Peel and cube one large, ripe mango or 2 small "champagne" mangos. If you can find the Champagne mangos, these are much better, not just for this recipe but for all purposes: they are sweeter and less fibrous than any other variety. There are whole instructables devoted to the subject of cutting mangos, but these instructions
are best suited for my recipe.
1/2 teaspoon calcium lactate
1-2 tablespoons sugar (depending on your taste and how ripe and sweet your mangos are)
Remove the sodium alginate bath from the fridge and pour into a shallow bowl so the the mixture comes close to the rim (this will make your job easier)
Prepare a second bowl filled with clean water nearby, and, if you are preparing this in advance, a third container with about 1 cup of mango juice.
Use a soup spoon to carefully drop a dollop (about 1/2 to 3/4 tablespoon) of the mango puree into the sodium alginate bath. You can put in 2 or maybe 3 dollops at a time, as long as you are careful not to let them touch each other. It is very hard to get a perfect sphere but don't worry, once it's on your egg it will look fine.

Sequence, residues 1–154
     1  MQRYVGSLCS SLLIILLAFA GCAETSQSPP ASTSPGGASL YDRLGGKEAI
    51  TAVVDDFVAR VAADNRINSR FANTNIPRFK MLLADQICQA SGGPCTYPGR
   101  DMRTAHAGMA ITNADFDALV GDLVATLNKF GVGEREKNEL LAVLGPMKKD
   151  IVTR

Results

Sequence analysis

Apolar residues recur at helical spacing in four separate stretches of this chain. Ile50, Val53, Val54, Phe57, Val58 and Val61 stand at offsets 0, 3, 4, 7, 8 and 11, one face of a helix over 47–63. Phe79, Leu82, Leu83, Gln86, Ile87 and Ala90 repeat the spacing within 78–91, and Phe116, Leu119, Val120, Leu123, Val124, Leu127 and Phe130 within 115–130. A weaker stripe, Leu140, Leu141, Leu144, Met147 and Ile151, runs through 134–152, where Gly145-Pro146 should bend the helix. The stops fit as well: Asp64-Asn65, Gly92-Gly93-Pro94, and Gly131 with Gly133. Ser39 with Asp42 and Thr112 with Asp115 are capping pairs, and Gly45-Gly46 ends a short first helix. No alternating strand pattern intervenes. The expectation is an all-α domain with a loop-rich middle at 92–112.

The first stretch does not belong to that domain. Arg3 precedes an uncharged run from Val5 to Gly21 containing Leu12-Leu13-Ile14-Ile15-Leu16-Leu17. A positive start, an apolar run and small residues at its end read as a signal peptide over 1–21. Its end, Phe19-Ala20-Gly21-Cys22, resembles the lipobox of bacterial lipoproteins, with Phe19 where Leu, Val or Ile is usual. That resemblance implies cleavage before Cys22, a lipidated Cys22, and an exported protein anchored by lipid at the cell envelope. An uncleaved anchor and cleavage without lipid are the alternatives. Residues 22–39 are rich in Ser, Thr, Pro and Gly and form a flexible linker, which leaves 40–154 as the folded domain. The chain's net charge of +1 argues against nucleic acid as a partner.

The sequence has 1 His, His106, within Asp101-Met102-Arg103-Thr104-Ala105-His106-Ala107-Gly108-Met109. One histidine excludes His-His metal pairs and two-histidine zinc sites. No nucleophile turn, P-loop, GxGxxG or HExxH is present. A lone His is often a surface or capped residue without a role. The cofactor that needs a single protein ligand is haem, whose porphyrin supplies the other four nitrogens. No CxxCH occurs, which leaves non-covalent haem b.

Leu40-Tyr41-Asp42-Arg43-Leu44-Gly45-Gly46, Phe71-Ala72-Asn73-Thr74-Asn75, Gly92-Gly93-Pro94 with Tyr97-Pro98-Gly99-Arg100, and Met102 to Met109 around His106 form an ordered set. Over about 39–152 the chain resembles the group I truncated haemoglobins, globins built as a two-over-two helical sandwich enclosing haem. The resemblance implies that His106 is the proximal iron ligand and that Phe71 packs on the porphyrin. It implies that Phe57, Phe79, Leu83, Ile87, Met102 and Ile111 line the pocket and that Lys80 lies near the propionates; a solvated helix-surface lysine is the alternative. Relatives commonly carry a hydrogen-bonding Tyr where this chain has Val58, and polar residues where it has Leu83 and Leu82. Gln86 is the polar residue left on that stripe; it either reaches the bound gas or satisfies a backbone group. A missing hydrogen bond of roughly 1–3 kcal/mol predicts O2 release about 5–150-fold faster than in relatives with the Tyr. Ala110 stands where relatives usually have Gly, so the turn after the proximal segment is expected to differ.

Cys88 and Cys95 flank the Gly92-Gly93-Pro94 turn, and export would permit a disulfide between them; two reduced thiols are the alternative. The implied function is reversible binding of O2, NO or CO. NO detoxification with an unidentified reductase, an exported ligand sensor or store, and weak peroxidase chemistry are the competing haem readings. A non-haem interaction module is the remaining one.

Use your slotted spoon to (very gently) mix the solution around the yolks so an even gel forms around each one. Leave in the bath at least 3 minutes, then, with your slotted spoon, pick them up one at a time and rinse them in your bowl of water. If you are serving immediately, proceed to step 5, otherwise after rinsing the yolks place them in some mango juice to store in the refrigerator until you are ready to serve. You can put them in water instead of juice, but depending on how long you are storing them, they will absorb some of the liquid. In water (overnight) the taste will become a bit diluted and the texture more liquid, less gooey.